The doctor said Rehnquist “had also gone to the lobby in his pajamas in order to try to escape.” The doctor said Rehnquist’s delirium was consistent with him suddenly stopping his apparent daily dose of 1400 milligrams of the drug — nearly three times higher than the 500-milligram maximum recommended by physicians. The doctor said, “Any physician who prescribed it was practicing very bad medicine, bordering on malpractice.”
In fairness, being all hopped up on goofballs would at least explain his Bush v. Gore concurrence, although I don’t know what excuse Scalia and Thomas have for joining it…
More school makes you live longer.
Instead, Dr. Smith and others say, what may make the biggest difference is keeping young people in school. A few extra years of school is associated with extra years of life and vastly improved health decades later, in old age.
In fairness, if this is right, DJW will bury us all…
I’m very late in wading into the Jim Crow/federalism debate, but a couple of points I haven’t seen anyone else make yet:
- Volokh is right that the “federalism permitted Jim Crow, and hence it’s bad” argument is fallacious. Just as no constitutional theory can consistently prevent normatively odious outcomes when they have substantial political support, there is no institutional arrangement that can always produce outcomes than one considers to be normatively desirable. (If asked to design a new American constitution, I would unquestionably choose a Parliamentary model with a very powerful federal government; but while I strongly believe that this would produce more congenial political outcomes from my perspective in the long run, it would also have produced much worse outcomes from my perspective than the current Madisionian framework in 2002-6.) However, I don’t think this is the real problem with “states’ rights” and Jim Crow. The bigger problem is that the slavery and Jim Crow eras demonstrate that most people who invoke federalism don’t actually care about it. From the Louisiana Purchase to the Fugitive Slave Act to the Tennessee Valley Authority, political actors who used “states’ rights” to defend slavery and apartheid had no problem with expansive (and, in many cases, constitutionally shaky) constructions of federal power so long as they were consistent with their substantive preferences. Similarly, while there were some rare exceptions (such as Barry Goldwater), most people who opposed Brown and the Civil Rights Act also opposed desegregation at the state and local level; it was a substantive preference for apartheid, not a commitment to federalism, that motivated George Wallace to invoke the 10th Amendment. To borrow Roy’s line about libertarians, people willing to routinely subvert strongly-held political commitments in favor of particular conceptions of federal/state power relations are as rare of Pieces of the True Cross.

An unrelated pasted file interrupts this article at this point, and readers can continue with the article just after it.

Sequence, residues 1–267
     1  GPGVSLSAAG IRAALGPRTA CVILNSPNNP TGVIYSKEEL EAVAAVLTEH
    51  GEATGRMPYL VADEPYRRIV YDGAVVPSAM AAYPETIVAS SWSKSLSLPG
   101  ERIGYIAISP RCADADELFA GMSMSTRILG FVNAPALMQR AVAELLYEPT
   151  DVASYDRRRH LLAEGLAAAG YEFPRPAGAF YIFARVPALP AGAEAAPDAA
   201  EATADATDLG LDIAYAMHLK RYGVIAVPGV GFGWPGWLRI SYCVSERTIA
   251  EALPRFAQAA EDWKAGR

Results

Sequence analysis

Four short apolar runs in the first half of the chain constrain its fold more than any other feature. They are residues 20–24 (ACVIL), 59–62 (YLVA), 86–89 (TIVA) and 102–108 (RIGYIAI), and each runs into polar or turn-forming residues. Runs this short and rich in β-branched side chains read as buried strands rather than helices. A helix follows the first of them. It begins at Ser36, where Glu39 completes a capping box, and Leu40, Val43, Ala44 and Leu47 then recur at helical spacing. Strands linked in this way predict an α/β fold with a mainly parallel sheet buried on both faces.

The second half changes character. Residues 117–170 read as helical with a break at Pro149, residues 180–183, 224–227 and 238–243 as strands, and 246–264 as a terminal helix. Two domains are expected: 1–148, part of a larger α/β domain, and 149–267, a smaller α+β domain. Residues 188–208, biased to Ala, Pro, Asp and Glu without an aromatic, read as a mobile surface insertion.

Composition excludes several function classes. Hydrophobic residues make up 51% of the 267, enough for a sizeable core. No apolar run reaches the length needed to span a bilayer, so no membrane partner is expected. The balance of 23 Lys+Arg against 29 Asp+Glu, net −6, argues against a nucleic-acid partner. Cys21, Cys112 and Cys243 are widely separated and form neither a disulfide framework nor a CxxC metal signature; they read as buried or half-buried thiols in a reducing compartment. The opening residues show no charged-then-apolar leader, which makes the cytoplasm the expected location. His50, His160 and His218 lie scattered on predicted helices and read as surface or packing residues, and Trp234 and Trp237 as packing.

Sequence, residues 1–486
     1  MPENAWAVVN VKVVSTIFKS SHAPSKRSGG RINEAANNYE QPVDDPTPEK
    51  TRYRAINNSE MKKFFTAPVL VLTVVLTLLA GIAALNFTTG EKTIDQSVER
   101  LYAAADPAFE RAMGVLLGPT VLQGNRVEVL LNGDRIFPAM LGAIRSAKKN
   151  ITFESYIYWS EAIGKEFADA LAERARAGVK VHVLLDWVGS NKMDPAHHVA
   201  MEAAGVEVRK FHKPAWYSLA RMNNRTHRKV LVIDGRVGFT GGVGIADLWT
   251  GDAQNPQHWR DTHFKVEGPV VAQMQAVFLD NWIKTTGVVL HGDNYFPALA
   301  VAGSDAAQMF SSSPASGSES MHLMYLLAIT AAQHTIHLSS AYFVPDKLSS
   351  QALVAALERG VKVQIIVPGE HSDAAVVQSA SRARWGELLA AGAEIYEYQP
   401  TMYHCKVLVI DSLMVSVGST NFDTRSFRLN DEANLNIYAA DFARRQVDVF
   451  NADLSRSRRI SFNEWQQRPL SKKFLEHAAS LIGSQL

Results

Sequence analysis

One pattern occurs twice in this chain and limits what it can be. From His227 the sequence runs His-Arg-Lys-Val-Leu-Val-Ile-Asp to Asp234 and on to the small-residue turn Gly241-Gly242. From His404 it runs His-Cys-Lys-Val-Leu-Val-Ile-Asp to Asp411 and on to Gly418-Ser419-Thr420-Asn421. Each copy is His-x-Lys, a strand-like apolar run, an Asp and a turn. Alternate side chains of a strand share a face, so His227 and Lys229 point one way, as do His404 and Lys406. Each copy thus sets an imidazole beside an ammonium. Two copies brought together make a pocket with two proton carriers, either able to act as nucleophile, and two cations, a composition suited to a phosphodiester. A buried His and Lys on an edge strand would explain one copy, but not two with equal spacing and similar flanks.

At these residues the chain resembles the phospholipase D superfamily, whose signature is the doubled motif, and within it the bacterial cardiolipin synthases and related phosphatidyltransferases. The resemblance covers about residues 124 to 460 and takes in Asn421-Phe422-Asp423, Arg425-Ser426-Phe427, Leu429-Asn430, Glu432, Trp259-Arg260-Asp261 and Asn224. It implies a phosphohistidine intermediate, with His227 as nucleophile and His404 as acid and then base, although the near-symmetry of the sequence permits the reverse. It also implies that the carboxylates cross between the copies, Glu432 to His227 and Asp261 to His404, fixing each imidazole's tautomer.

- As much as I hate to agree to side with Ann Althouse over a blogger I respect, I couldn’t disagree with Radley Balko’s assertion that “were it not for state-mandated segregation, the private sector would have integrated on its own” more strongly. Most Jim Crow laws were largely symbolic codifications of existing practices; they ratified a social order rather than creating it. Aggressively enforced civil rights legislation was crucial to crushing apartheid because 1)within this social order, economic incentives for private actors compelled toward segregation rather than desegregation and 2)as a result, outside of a few urban centers blacks who challenged the status quo were likely to lose employment, housing and/or credit (in addition to the always-present threat of private terrorism.) To believe that Jim Crow would have withered away absent any state intervention is implausible in the extreme.
[Also at TAPPED.]
Personal to Michael Ledeen: if you’re going to defend an appallingly executed execution using a movie, couldn’t you at least use a watchable one?